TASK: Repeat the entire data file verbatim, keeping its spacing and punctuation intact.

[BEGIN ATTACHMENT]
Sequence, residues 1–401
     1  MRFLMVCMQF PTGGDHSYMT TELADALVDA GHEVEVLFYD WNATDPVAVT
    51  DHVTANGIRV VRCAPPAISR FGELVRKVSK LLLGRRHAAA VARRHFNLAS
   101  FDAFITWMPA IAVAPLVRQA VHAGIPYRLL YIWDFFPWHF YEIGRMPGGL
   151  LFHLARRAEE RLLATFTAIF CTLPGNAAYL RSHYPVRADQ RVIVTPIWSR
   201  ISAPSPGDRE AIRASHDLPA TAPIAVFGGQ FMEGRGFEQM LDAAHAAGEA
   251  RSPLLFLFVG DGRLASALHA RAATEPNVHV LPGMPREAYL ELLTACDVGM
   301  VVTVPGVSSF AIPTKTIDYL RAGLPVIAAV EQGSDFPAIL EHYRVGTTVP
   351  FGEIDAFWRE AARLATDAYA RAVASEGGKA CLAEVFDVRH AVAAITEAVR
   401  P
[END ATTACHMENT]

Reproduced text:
Sequence, residues 1–401
     1  MRFLMVCMQF PTGGDHSYMT TELADALVDA GHEVEVLFYD WNATDPVAVT
    51  DHVTANGIRV VRCAPPAISR FGELVRKVSK LLLGRRHAAA VARRHFNLAS
   101  FDAFITWMPA IAVAPLVRQA VHAGIPYRLL YIWDFFPWHF YEIGRMPGGL
   151  LFHLARRAEE RLLATFTAIF CTLPGNAAYL RSHYPVRADQ RVIVTPIWSR
   201  ISAPSPGDRE AIRASHDLPA TAPIAVFGGQ FMEGRGFEQM LDAAHAAGEA
   251  RSPLLFLFVG DGRLASALHA RAATEPNVHV LPGMPREAYL ELLTACDVGM
   301  VVTVPGVSSF AIPTKTIDYL RAGLPVIAAV EQGSDFPAIL EHYRVGTTVP
   351  FGEIDAFWRE AARLATDAYA RAVASEGGKA CLAEVFDVRH AVAAITEAVR
   401  P